- Comfortable, stylish cabins and suites equipped with a Smart TV, hairdryer, tea and coffee making facilities, a fridge and individually controlled air conditioning
- A tempting choice of cuisine every day throughout your cruise – with five-course à la carte dinners, casual breakfast and lunch buffets, late-night snacks and much more
- Unlimited, self-service tea and coffee available 24hrs at selected venues, complimentary afternoon tea* with sandwiches and cakes, and in-room sandwiches and snacks
- A full programme of evening entertainment, including cabaret shows, comedy, dancing and live music
- Full use of on board leisure facilities, including swimming pools, Jacuzzis and gym
- A wide choice of engaging on board activities and lectures throughout the day
- All UK port taxes (where collectable in advance)
- Luggage porterage between your cabin and the drop-off/pick-up point
- Formal welcome and/or Captain’s Drinks Party and Gala Buffet
Day 1-2 Southampton
Embark onboard Balmoral
Day 3 Stavanger, Norway
Behind the bustle of the prosperous and cosmopolitan Stavanger of today lie 1,000 years of ancient seafaring tradition and history. This vibrant, exciting Norwegian city oozes charm and was awarded the prestigious title of ‘European Capital of Culture’ in 2008.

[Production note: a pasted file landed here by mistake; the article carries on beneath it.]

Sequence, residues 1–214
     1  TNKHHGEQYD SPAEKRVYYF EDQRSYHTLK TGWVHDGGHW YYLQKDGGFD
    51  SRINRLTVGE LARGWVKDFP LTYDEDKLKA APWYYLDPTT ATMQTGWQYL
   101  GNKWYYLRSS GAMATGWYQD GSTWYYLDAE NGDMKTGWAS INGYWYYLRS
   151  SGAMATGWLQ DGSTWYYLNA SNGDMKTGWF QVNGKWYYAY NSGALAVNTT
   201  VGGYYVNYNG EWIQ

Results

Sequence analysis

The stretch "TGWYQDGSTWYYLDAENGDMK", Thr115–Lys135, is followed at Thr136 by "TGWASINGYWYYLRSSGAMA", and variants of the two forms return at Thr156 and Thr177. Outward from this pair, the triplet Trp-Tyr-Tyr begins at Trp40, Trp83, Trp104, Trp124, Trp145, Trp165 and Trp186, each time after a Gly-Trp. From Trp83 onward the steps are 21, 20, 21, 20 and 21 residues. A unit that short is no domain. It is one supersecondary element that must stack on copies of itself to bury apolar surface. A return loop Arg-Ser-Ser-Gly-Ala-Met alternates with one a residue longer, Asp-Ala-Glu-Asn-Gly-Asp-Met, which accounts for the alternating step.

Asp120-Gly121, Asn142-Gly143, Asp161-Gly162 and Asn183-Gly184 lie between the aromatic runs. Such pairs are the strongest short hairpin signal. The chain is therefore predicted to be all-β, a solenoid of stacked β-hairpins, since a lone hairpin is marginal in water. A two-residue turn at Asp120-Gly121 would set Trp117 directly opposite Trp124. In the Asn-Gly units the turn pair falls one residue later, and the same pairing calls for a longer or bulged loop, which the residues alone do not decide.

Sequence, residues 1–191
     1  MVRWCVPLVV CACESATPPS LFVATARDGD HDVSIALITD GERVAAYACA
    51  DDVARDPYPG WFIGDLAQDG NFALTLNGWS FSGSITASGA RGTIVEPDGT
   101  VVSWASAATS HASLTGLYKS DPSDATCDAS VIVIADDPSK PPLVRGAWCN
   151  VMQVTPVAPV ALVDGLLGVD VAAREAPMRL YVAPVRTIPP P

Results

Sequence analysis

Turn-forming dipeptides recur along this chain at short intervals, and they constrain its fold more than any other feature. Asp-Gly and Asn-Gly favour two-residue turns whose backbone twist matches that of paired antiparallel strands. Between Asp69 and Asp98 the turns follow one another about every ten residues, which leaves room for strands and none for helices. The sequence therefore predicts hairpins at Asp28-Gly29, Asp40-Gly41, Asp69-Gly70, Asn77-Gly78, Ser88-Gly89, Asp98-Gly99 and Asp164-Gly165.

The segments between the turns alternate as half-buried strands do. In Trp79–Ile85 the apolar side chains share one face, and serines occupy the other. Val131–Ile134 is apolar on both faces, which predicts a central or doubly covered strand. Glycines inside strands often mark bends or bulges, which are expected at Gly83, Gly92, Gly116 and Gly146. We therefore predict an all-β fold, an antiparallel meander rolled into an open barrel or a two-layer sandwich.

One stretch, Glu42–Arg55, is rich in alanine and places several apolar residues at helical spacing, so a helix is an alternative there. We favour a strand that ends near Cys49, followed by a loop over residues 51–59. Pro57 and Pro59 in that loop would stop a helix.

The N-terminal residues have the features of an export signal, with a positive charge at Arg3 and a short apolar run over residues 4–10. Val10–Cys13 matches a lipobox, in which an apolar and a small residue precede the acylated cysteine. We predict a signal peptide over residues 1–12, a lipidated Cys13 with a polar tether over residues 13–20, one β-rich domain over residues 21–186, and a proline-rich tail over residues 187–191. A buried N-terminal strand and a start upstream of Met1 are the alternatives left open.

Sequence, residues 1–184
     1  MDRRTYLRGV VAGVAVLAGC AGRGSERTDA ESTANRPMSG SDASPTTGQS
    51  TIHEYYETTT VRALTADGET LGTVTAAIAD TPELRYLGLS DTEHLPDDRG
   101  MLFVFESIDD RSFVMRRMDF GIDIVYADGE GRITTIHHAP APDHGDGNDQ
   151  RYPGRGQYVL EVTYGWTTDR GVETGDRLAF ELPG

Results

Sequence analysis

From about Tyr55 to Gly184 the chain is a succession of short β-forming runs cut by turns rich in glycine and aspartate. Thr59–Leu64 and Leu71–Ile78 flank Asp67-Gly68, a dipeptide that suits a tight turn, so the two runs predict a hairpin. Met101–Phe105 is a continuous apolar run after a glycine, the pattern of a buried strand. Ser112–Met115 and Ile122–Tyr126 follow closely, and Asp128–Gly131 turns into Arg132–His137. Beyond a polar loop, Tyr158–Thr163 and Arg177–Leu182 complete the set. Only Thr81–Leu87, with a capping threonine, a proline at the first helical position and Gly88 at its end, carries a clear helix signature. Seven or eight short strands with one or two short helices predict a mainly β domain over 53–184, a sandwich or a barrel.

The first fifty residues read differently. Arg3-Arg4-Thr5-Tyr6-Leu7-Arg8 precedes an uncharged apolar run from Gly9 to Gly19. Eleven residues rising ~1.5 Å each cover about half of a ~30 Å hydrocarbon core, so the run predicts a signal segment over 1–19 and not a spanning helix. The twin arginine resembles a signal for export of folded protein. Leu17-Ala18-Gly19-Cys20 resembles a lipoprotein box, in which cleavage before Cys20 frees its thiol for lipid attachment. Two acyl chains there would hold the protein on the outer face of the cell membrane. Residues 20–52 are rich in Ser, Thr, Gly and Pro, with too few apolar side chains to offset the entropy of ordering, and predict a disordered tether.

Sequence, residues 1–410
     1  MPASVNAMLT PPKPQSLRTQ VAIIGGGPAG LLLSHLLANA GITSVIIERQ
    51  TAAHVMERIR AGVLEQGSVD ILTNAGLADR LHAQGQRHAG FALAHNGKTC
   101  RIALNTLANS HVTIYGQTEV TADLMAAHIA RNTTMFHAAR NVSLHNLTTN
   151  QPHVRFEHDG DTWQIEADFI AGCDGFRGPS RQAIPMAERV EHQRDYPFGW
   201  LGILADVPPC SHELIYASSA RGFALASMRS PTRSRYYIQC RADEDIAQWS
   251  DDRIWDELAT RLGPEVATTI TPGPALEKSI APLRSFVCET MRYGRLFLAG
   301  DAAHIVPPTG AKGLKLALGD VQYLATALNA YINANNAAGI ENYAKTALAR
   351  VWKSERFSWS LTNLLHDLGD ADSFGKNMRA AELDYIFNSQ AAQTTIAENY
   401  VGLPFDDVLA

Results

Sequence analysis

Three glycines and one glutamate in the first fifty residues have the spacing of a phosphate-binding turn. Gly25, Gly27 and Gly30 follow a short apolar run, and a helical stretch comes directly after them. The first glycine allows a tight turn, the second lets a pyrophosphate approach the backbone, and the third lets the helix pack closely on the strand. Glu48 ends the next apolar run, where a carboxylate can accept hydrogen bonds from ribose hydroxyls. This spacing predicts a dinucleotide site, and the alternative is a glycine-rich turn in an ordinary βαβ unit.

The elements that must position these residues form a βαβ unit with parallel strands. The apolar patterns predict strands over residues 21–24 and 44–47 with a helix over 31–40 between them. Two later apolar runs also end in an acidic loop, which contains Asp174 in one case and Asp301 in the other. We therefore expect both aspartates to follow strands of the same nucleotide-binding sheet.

The city’s wealth and thriving oil industry has prompted its tag as Norway’s ‘Oil Capital’, but Stavanger has remained as charming as ever. The old town, Gamle Stavanger, has narrow winding streets and ancient wooden houses gathered round an historic fresh fish and vegetable market. Stavanger is also a university city, which is reflected in the city’s lively, urban atmosphere, and in the varied assortment of shopping and dining experiences.
The Norwegian Petroleum Museum exhibits drilling equipment, a model oil platform, submersibles and audio-visual shows, while the city’s Herring Canning Museum celebrates one of Stavanger’s earlier sources Show lessof wealth. Beyond the town, the Three Swords monument commemorates the 9th century battle of Hafrsfjord – the moment Harald Hårfagre became the first King of Norway.
Stavanger is also perfectly placed for the breath-taking Lysefjord, one of the most famous Norwegian Fjords. This stunning waterway is home to the Kjerag Mountain and Preikestolen (The Pulpit Rock) – two of the country's most popular attractions.
Day 4 Flåm, Norway
Flåm is a tiny village on the banks of the Aurlandsfjord, a branch of the spectacular Sognefjord – the longest and deepest fjord in Europe. Situated amongst scenes of picturesque orchards, hamlets, cottages and farmland, this is one of Norway's most breathtaking locations.